Violet is overjoyed when an article she wrote helped get land a job as a weekly columnist in a big magazine in Nairobi. She’s HIV positive, a fact she has hidden from her toaster/boyfriend “Winston” and her family including her parents.
Winston has been asking her out but she has kept him off because she wants to give her heart to someone serious not sex minded guys. Winston not to be deterred has kept coming back assuring her that he wasn’t after her body but her heart.
Due to the fact that the article that got her the job was about her HIV status, she was obliged to tell her parents about her HIV status. She told her mother and proceeded to her father’s school (he is a teacher) to tell him. She told him about her status and confessed to never having a boyfriend but being lonely made her do “crazy things” which included alcohol intake and unprotected sex. She asked for forgiveness from her father who was visibly disappointed in her and told her to keep her status a secret to protect the image of the family and his profession as a teacher.
In another scene, Violet is seen hanging out with her toaster boyfriend “Winston” in his apartment and both seemed to have had to much to drink with both ending up having sex. Remember that Violet hasn’t told Winston that she was HIV positive and both just had sex.
She confided in Skola, the guy that gave her the virus in the first place of her fears. She said “I slept with Winston and didn’t tell him (that she was HIV+). Then Skola asked “but you did use protection…yeah?” and she replied “I think so (she was too drunk to remember). Then Skola told her to tell him about her status. He continued “not telling him that you are HIV+ is sex under false pretense and you can go to prison”. She replied “what difference will it make because the deed is already done” and Skola smartly replied “he could see a doctor for one, he can get on PEP (Post-Exposure Prophylaxix). Its a HIV preventive medicine which is taken within 72 hours of unprotected sex with a someone that’s HIV+ and if maintained for 4 weeks there is a chance that it might stop the infection from spreading. “But I don’t want to lose my father” (she didn’t want her father to hate her after he told her not to tell anyone) and Skola replied again “how is he adding to your life if he doesn’t support you”.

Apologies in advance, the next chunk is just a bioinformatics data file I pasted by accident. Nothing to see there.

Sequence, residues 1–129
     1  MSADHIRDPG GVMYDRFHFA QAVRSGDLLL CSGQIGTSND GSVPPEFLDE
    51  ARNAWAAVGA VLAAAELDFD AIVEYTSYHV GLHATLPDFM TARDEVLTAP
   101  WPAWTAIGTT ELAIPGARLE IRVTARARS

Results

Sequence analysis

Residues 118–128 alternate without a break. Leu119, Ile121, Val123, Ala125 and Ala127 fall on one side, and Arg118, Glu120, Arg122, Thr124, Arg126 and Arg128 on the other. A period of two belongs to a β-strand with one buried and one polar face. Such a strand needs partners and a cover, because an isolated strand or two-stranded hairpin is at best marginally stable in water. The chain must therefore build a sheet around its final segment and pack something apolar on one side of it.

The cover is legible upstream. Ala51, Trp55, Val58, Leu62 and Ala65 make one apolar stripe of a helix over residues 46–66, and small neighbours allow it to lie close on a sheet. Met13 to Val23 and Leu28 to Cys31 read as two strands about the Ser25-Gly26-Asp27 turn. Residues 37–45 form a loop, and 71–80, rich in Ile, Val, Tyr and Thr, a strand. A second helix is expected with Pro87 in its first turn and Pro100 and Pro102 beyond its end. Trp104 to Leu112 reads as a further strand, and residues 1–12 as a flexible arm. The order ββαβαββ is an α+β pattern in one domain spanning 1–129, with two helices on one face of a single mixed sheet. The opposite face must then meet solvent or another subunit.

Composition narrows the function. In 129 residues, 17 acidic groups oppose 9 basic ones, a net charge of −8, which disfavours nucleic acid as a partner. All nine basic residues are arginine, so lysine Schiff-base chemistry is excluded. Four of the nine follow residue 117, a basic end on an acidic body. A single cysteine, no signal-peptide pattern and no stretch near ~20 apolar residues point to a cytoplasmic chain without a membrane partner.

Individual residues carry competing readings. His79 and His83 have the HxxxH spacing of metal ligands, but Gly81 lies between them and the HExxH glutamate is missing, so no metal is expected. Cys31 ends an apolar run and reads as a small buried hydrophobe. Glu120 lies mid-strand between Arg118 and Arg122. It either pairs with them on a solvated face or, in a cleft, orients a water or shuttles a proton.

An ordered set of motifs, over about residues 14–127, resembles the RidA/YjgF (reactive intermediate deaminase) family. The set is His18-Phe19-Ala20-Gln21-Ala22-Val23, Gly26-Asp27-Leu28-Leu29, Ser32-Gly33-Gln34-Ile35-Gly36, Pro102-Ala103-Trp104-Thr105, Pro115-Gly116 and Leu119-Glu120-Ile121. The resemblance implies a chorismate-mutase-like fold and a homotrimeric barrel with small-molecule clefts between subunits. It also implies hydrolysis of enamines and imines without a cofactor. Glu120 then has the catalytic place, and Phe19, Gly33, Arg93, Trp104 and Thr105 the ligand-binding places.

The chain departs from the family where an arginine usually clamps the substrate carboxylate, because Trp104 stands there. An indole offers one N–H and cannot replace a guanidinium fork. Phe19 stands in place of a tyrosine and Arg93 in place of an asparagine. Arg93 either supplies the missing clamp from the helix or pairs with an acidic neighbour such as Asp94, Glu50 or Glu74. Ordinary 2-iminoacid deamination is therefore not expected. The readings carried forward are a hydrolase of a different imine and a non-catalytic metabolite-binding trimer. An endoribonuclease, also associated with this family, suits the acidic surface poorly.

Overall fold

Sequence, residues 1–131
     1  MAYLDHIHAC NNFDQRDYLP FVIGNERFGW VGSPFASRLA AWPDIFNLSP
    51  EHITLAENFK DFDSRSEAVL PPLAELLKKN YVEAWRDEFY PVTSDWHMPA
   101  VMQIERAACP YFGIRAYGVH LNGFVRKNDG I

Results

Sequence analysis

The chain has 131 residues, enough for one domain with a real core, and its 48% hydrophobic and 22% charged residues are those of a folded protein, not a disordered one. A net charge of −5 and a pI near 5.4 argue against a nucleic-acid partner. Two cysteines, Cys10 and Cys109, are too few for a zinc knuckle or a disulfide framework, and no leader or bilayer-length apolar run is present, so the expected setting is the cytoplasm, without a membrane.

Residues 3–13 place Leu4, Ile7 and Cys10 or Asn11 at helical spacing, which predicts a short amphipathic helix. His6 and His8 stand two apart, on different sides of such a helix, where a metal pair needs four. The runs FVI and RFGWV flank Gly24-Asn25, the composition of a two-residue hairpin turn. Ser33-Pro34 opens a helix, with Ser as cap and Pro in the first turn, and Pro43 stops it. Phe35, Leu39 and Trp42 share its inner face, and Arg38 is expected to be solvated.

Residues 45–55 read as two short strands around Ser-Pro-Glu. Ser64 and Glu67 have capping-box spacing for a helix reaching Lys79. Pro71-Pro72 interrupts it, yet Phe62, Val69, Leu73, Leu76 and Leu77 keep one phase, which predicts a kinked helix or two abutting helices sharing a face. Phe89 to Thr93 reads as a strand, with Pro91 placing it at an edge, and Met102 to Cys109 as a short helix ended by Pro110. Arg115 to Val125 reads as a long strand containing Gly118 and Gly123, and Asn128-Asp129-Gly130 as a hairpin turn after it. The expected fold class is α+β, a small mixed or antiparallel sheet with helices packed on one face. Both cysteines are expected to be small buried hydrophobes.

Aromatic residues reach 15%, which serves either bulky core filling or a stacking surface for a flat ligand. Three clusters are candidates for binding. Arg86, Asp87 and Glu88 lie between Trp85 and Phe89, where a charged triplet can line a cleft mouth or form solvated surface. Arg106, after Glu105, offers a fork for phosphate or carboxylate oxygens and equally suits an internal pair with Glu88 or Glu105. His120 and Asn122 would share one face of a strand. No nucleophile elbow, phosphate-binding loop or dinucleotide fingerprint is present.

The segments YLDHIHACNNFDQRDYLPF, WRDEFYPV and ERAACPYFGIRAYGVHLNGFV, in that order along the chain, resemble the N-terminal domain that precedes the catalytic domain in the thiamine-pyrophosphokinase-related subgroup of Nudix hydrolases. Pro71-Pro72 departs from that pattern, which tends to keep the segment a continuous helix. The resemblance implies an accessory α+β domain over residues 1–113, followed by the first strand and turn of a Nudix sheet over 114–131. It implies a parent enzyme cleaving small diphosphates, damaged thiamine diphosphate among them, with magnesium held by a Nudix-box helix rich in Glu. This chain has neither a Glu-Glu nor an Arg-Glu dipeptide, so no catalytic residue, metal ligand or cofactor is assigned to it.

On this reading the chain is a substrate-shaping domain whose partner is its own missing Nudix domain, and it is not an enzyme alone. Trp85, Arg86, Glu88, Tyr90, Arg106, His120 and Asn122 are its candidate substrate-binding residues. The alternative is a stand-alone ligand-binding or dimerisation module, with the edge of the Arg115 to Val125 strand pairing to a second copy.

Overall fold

Violet went home to see her family who were having lunch at the dinner table. Before now, only mum and dad were aware of her HIV status. Her two siblings had no clue. With the mindset that the cat was gonna be let out of the bag sooner than later, she confessed of her status to her siblings and her father outrightly told her to go and deal with the shame alone, that she was no longer welcome in his house.
She then proceeded on that same day with the courage that Skola gave her to confess to Winston about her HIV status. She asked him “did we use a condom because I was too drunk to remember much” and he replied “yes we did use a condom”. She then threw the bombshell “I am HIV positive”. He was flabbergasted and asked “and you forgot to tell me?” of which she replied “I didn’t think we will go there (have sex)”. He then retorted “but we did”. She advised him to go a clinic and get himself checked, just incase. He stood up in anger and said “I really liked you and those feelings wouldn’t have changed if you had just being honest with me” and he walked out on her.
Morale of the story:
1. Love: Violet confessed to her father that he never showed her the love she craved for and deserved. She felt lost in the World without daddy’s love and support which got her lonely most times and craving for the love of other men. A father’s love for his daughter is a big measure of how well she handles life’s challenges especially sex and love. Father’s should never leave their daughter’s at the mercy of society. Be there for them at all times.
2. Be open: She failed to tell Winston about her status which almost ended up being costly because he might have contacted the dreaded disease from her. Her secrecy also cost her his love. Being HIV+ doesn’t mean you should go around telling everyone but tell the people that deserve to know (spouse/family).
3. Don’t discriminate: So many people living with the virus have ended up living far longer lives than some people living without it. Its not the end of the World so why discriminate. Only if we didn’t discriminate against people living with the virus, then maybe they would feel free enough to divulge their status.
4. PEP: Before watching the movie, I hadn’t heard of PEP (Post-Exposure Prophylaxix) and literally had to google it up for more information. I don’t know much about its availability in your area but at least we are now aware that something could be done to assist those that were raped by people with HIV or had consensual sex with people with HIV. For more information on the drug, click HERE (Be informed).
5. Responsibility: Taking responsibility for yourself and others is very key. Who would have thought that a pretty girl like Violet was HIV+. As Nigerians would say “AIDS no dey show for face”. Be careful and if you must “do”, use protection.
6. Know your status: Violet knew she was HIV positive and was taking medication because she knew her status. A friend said to me that after seeing the movie she wanted to know her status, in her own words “I know I am clean but I just want to make sure”. Be sure. Know your status.
Story was taken from Episodes 1 and 2 of the second season of Shuga: Love, Sex & Money.
1. Click HERE to watch MTV’s Shuga (Season 2, Episode 1)
2. Click HERE to watch MTV’s Shuga (Season 2, Episode 2)